The Archbolds knew early on that adoption was an option for them. David has three daughters from a previous marriage, but knowing their family was not yet complete, the couple embarked on a two-year journey to find their match. When the adoption agency called and told them about James, they were elated. From the moment they met him, the Archbolds knew he was meant to be part of their family. David locked eyes with the brown-eyed baby and they stared at each other in quiet wonder for such a long time that the whole room fell silent. "He still looks at me like that," said David.

The connection was mutual and instantaneous—love at first sight. The Archbolds knew that James was meant to be a part of their family. However, they faced significant challenges requiring an even deeper level of commitment due to James' medical condition.

James was born with congenital hyperinsulinism, a rare condition that causes his body to overproduce insulin, and within 2 months of his birth, he had to have surgery to remove 90% of his pancreas. There was a steep learning curve for the Archbolds, but they were already in love, and knew they were committed to the ongoing care that'd be required of bringing James into their lives. After lots of research and encouragement from James' medical team, they finally brought their son home.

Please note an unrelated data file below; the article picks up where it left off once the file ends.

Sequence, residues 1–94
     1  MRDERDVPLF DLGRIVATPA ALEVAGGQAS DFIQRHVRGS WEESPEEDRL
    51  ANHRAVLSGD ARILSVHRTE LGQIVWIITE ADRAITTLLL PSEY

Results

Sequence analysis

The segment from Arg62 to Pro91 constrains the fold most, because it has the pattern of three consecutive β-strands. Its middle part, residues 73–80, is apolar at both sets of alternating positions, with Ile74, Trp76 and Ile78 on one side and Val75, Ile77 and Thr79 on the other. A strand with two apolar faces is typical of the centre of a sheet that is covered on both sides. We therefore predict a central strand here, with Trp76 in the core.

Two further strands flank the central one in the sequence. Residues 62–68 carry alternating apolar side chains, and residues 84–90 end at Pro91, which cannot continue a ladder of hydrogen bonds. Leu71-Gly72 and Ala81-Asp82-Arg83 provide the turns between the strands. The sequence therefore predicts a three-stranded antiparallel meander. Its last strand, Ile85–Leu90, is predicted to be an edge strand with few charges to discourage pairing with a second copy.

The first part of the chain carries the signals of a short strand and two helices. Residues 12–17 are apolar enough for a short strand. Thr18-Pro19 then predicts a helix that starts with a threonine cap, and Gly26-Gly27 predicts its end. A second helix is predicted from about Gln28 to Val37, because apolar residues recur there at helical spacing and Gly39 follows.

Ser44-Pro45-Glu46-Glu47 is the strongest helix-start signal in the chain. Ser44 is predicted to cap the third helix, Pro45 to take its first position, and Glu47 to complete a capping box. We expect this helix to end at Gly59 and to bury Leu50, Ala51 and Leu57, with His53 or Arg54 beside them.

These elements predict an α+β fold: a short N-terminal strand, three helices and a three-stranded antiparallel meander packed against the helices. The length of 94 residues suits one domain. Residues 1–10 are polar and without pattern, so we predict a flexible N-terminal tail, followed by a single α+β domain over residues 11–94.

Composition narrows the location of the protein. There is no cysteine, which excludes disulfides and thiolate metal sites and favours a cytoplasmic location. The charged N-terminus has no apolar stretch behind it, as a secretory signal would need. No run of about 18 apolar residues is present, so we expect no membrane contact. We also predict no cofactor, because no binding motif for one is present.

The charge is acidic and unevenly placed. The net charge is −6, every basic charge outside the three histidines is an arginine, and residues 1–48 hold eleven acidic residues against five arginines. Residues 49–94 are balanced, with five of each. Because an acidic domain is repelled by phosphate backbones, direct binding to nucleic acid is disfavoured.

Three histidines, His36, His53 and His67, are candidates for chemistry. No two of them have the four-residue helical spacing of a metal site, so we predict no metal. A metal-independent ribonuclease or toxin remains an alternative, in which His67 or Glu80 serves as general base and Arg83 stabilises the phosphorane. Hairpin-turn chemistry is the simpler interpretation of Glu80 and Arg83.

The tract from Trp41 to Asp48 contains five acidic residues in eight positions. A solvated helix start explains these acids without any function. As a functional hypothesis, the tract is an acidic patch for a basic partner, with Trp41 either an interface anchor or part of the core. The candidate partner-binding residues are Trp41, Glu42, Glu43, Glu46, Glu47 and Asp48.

Today, three-year-old James is thriving, filled with infectious joy that bubbles over and touches every person who comes in contact with him. "Part of love is when people recognize that they need to be with each other," said his adoptive grandfather. And because the Archbolds opted for an open adoption, there are even more people to love and support James as he grows.

This sweet story is brought to you by Sumo Citrus®. This oversized mandarin is celebrated for its incredible taste and distinct looks. Sumo Citrus is super-sweet, enormous, easy-to-peel, seedless, and juicy without the mess. Fans of the fruit are obsessive, stocking up from January to April when Sumo Citrus is in stores. To learn more, visit sumocitrus.com and @sumocitrus.